Wednesday, March 19, 2008

The resiliency of wetlands is vital, says ecologist

New West, Environment: Ecologist Tom DeLuca, during his lecture Tuesday night at the University of Montana, made the case for an adaptive approach to wildlands management in order to help the West’s ecosystems adjust to a changing climate. “We have expressed a flawed response to environmental damage,” he said. DeLuca, a Senior Forest Ecologist with the Wilderness Society and former UM professor speaking as part of the Wilderness Issues Lecture Series, acknowledged that there may be no way to avoid climate change, but the region’s forests and wildlands have evolved under changing climates and possess a measure of resilience to variations.

“One thing that is constant in nature is change...resistance to change may prove to be a catastrophic failure,” he said. To effectively allow for natural adaptation to climate change, DeLuca stressed that size matters: a substantial core habitat must be present for the migration of species across landscapes and to buffer zones with human development. DeLuca said that the majority of the protected areas in the United States would be ineffective in providing the crucial elements of an adaptive ecosystem. “Our wilderness areas in the lower 48 states are like islands, and that makes them susceptible to climate change,” he said.

DeLuca said that large-scale land conservation is required, and efforts must extend beyond traditional government management to involve society as a whole. He pointed to conservation easements and land trusts as examples of management of private lands by citizens. These efforts are vital building blocks that help form the large areas of protected habitat necessary for species to adapt to climate change while also storing carbon and clean water, he said.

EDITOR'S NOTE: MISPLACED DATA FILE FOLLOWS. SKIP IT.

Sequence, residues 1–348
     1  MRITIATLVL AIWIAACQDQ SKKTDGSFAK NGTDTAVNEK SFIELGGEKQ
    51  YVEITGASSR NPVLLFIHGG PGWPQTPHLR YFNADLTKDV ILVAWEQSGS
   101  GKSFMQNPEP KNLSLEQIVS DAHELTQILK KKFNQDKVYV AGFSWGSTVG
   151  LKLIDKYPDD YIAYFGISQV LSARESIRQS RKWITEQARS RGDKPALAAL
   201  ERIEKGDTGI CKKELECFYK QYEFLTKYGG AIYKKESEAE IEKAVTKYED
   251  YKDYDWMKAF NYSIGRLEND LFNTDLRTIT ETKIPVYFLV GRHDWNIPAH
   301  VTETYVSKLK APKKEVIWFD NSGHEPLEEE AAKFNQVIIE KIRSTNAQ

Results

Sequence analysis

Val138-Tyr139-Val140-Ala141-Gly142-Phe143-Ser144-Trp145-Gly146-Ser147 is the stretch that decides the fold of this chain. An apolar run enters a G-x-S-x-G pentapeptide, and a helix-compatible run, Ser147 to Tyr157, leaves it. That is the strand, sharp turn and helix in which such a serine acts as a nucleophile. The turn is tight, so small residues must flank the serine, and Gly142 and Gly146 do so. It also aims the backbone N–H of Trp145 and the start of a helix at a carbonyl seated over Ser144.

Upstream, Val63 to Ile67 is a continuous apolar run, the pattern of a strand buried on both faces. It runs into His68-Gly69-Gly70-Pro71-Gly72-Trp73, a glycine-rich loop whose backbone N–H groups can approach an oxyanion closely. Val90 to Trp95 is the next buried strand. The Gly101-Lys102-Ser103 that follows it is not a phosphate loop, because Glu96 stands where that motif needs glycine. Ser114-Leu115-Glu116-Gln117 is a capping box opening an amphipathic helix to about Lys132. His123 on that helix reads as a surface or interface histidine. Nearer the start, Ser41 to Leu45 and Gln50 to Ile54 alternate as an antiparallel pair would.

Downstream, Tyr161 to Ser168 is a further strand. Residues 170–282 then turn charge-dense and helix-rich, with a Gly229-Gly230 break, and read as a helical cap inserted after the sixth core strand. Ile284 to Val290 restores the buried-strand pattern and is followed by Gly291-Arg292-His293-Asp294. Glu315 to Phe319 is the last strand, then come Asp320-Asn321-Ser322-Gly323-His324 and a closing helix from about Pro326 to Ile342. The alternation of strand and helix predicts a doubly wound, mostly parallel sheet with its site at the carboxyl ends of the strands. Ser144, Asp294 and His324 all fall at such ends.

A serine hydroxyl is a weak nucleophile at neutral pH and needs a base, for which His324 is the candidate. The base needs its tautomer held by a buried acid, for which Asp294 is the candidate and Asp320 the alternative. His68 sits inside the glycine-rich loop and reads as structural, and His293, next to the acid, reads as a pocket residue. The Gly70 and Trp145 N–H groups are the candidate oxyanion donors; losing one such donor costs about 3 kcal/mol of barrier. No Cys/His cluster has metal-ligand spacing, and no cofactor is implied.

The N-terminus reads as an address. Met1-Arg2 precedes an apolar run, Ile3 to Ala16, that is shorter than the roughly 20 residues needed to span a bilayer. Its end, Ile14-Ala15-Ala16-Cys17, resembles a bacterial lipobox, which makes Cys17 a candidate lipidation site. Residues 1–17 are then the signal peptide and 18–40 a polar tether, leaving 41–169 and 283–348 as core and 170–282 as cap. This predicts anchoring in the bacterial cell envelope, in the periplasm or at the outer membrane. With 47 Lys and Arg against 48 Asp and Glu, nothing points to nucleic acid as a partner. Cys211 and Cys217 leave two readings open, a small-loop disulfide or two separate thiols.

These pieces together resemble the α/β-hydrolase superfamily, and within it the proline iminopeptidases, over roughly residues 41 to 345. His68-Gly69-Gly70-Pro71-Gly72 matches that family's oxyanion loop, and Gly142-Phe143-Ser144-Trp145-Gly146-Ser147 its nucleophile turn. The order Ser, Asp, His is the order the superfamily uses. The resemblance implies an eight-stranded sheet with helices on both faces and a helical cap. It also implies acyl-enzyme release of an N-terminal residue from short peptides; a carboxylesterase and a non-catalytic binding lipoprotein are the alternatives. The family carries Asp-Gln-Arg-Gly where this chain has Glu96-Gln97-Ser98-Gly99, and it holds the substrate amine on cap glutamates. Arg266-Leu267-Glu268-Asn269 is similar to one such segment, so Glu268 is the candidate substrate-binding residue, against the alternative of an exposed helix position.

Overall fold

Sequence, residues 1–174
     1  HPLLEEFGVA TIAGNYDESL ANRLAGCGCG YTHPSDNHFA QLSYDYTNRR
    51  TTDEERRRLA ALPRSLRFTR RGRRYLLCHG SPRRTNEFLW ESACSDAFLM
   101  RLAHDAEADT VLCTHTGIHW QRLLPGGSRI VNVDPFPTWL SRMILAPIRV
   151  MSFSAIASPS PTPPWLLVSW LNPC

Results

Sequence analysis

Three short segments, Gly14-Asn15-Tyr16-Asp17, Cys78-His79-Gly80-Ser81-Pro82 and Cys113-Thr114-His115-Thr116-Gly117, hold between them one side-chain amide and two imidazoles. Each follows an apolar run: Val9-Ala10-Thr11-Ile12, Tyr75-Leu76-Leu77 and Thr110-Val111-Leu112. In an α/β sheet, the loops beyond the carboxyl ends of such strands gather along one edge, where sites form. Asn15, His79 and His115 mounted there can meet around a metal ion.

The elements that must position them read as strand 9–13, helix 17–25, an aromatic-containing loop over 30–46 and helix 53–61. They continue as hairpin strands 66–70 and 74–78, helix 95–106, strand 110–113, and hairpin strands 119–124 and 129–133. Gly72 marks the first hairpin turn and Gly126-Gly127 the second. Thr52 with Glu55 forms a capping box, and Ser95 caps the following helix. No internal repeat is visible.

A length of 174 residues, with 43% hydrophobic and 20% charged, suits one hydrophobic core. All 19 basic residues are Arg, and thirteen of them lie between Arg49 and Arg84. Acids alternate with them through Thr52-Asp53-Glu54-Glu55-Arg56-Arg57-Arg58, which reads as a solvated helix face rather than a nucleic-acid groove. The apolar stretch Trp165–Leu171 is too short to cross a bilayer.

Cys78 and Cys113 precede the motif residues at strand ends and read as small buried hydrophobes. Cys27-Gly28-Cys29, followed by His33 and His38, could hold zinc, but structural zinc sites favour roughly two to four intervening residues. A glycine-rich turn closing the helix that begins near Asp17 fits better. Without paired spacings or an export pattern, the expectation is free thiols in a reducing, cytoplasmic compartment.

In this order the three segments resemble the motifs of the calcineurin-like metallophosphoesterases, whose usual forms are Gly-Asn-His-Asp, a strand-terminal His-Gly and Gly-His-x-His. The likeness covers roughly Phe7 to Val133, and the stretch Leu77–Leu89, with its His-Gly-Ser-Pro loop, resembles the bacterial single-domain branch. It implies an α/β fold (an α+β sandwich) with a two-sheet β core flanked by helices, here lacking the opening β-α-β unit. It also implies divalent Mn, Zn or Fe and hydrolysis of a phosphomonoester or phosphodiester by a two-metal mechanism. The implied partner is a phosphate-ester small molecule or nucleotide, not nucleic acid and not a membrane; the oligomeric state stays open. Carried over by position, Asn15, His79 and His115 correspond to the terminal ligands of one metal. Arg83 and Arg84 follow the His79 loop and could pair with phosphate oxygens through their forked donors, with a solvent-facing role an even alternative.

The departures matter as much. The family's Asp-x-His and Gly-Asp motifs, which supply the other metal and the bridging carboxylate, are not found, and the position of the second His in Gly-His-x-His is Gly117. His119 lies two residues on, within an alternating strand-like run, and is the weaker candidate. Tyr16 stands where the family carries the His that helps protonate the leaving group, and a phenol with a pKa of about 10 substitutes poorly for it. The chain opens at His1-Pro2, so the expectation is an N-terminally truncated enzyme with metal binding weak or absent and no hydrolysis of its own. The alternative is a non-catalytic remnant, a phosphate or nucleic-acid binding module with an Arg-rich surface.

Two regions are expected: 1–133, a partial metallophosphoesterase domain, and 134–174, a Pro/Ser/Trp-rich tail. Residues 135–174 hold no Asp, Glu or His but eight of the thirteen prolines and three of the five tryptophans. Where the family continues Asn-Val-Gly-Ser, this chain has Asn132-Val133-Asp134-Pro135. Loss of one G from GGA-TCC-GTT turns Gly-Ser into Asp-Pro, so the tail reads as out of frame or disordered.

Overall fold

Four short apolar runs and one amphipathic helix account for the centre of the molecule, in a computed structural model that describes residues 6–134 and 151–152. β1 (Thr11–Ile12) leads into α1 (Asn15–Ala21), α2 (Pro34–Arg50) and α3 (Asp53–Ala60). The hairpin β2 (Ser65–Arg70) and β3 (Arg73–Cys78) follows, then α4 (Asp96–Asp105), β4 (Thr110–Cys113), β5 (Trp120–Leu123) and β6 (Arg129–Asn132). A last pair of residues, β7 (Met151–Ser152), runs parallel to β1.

DeLuca cited the Blackfoot Challenge in Montana’s Blackfoot Valley, a community collaboration involving the timber industry, environmental groups and community members to preserve land they all have a vested interest in protecting. DeLuca said that engaging different groups in the process of conservation is essential to fostering an improved environmental awareness across the West. “Our vision is that these communities will have a restoration of the land ethic,” he said.

DeLuca explained that one way to do this is through community monitoring activities that document changes in an area’s ecosystem over time. These studies would reduce the cost of government monitoring and provide crucial information to management agencies so that their policies can more easily adjust. “We have to be adaptive and flexible in our management of ecosystems,” he said.

DeLuca said that an adaptive approach ensures the highest possible survival of species and avoids a wholesale collapse of habitat, and that the immediacy of the issue means the success or failure of future Western ecosystems rests largely in the hands of its citizens who cannot afford to wait for outside assistance. “The efforts being conducted by our government are laughable,” he said.

Ballona Creek, Los Angeles, photo by "downtowngal," Wikimedia Commons

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